The rear light is mounted in 2 of the seat stays. This means that the light isn’t attached to the rear fender. You still have lights even when riding without fenders on the bike. The rear light also functions as a brake light when you press either brake lever.
The fenders are heavy duty and made of metal. They are holding up so far to our use off road. The rear fender comes installed. You have to install the front fender yourself.
Optional Front and Rear rack
The Tundra does not come with a front or rear rack. Gotrax does sell racks for the Tundra if you want them.
13 – Size and Fit
The Tundra does not have a published rider size range for the Tundra. The Tundra is very close to a regular sized frame Aventon Aventure or RadPowerBikes RadRover. The stepover frame will work for riders 5’6″ up to 6’2″. I am just under 6′ and my wife is 5’6″ and both of us can comfortably ride the step over version. The step-through frames are usually good for riders a few inches shorter than the step over frames.
14 – Gotrax Tundra vs the Aventon Aventure 1 and 2
The Aventon Aventure is the most popular electric fat tire bike out there. It’s clear that Gotrax wanted to be a serious contender in the fat tire bike category with the Tundra. How does it compare to the Aventure?
Let’s start with price. The Gotrax Tundra retails for $1499. The Aventon Aventure 2 retails for $1799. The Aventon Aventure 1 retails for $1499 like the Tundra. The Tundra is the clear winner on price with a bigger battery and torque sensor.
Both bikes have a 750 watt rear hub motor. Both bikes have a color LCD display. Both bikes have hydraulic disc brakes and coil spring front suspension forks. Both bikes have a 20mph top speed with motor power and 28mph top speed with pedal assist.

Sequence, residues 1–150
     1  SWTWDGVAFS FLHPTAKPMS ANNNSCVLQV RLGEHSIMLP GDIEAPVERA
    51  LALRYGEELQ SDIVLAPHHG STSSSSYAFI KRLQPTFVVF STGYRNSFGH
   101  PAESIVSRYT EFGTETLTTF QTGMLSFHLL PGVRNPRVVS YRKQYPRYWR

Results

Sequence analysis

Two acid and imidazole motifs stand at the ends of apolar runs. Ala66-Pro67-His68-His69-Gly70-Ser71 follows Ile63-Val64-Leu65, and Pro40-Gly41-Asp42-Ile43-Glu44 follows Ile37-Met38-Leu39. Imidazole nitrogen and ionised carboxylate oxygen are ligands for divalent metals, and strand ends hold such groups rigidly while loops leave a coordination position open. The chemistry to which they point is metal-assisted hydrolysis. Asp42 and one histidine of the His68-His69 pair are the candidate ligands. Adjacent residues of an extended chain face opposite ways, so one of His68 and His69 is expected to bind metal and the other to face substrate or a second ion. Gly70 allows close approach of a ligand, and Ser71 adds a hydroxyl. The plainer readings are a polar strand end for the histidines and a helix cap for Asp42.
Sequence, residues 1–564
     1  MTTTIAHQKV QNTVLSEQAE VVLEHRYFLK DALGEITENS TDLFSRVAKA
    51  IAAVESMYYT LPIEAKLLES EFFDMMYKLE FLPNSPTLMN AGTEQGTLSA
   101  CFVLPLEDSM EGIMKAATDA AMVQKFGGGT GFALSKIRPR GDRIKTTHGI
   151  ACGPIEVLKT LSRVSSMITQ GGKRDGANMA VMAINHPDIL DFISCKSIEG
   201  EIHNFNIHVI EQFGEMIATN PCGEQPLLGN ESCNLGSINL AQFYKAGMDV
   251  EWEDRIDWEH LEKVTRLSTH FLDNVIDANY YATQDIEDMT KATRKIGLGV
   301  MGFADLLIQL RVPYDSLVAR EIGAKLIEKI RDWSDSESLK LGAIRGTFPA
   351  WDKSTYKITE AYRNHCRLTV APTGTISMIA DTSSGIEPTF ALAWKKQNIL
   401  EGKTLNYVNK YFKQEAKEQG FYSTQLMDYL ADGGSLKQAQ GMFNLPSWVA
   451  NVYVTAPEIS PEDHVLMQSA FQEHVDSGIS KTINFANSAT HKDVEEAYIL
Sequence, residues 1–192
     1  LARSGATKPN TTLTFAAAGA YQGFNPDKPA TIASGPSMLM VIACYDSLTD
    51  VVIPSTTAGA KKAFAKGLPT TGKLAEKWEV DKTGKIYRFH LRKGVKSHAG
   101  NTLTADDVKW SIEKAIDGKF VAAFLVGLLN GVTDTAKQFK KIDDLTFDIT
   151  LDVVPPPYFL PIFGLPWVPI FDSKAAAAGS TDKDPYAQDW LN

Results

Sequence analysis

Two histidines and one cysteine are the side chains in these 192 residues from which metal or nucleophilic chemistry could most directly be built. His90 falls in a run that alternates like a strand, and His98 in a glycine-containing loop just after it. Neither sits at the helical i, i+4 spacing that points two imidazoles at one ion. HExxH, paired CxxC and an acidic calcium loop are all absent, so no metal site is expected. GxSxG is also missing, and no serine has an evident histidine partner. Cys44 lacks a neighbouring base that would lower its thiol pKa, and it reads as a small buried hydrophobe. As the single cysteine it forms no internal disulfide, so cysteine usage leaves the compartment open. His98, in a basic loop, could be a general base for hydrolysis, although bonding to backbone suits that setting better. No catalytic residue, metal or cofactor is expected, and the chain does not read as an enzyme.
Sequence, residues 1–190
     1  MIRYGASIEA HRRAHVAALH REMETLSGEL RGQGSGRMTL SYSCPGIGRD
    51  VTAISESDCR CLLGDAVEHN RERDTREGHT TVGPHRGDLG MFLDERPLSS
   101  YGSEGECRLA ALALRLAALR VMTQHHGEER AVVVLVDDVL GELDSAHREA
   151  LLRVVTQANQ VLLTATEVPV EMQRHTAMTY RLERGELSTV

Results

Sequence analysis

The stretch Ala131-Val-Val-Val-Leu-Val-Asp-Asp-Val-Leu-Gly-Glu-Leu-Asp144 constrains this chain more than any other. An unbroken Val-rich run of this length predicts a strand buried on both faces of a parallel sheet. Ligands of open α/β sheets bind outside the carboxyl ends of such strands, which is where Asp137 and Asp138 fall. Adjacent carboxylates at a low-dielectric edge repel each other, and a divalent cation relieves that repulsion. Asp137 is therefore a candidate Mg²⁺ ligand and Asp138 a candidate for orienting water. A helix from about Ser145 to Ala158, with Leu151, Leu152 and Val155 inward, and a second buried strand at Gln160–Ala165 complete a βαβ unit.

From there the Tundra brings out the big guns with a 20 ah battery. The Aventure only comes with 15 ah. The Tundra is the clear winner on battery capacity and range. In our tests, it went about 10 miles farther than the Aventure on the same route.
The Aventure 1 has a cadence sensor and the Aventure 2 has a torque sensor. I have spent enough time on the Aventure 2 to know that it has a really good feel and performance under 20mph. Above 20mph it requires a ton of pedalling effort to go faster. The Aventure 1 has a cadence sensor and goes 28mph very easily. It doesn’t have the control and feel of the torque sensor.
The Tundra has an equally good feeling torque sensor for PAS levels 1-4. As we mentioned before, in PAS 5 it acts like a cadence sensor and you can ghost pedal your way up to 28mph and zoom up hills without any pedaling effort. The Tundra is the clear winner here over either Aventure.
The Gotrax Tundra has a Shimano Tourney 7 speed pedal driveline. It has a Tourney derailleur and shifter. The Aventon Aventure has an Altus derailleur and shifter which are slightly better. Neither one is going to survive getting hit by a root or rock while riding offroad. The Aventon has a slight advantage with it’s pedal driveline.
Ride Quality and Comfort
When it comes to comfort and ride quality, there is no clear winner. Both bikes feel about the same. The Tundra brakes do not squeal as much as the Aventure brakes. Our Aventure 2 has a nice resonance hum at 16mph. The Tundra makes some motor noise and tire noise but is quiet otherwise.
Both bikes come with similar level lights and fenders. The fenders are metal on both bikes instead of plastic. The Aventure’s come with a rear rack and have an available front rack and a few bag options. The Gotrax Tundra does not come with a rear rack but one is available. There isn’t much else in the way of accessories. If accessorizing is your thing the Aventon Aventure’s have a slight advantage.
Recommendation – Buy or No Buy?
If you want a lot of performance for the money, then buy the Gotrax Tundra. It has the best torque sensor system of any bike in its class. It has a 20 ah battery that gives it a really long range. It has a ton of power for climbing steep hills and riding high speeds.
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UP TO $600 OFF and more during GOTRAX BLACK FRIDAY SALE
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Co-Founder & Chief Editor
I grew up back east in Pennsylvania and learned to ski on a family trip to Killington, Vermont when I was 6. I immediately fell in love with the mountains and outdoors and have been skiing across the US and Canada ever since. I went to school for Mechanical Engineering, and have a Master’s Degree in Material Science and Reliability.
I am a total gear nerd and love learning how things work and thinking about how they could be improved. Nothing excites me more than trying out new gear. I’d rather spend 3 hours taking my bike apart and learning how to change something than go to a bike shop. These days I reside in Michigan by the Great Lakes and go skiing, biking, and boating as much as possible.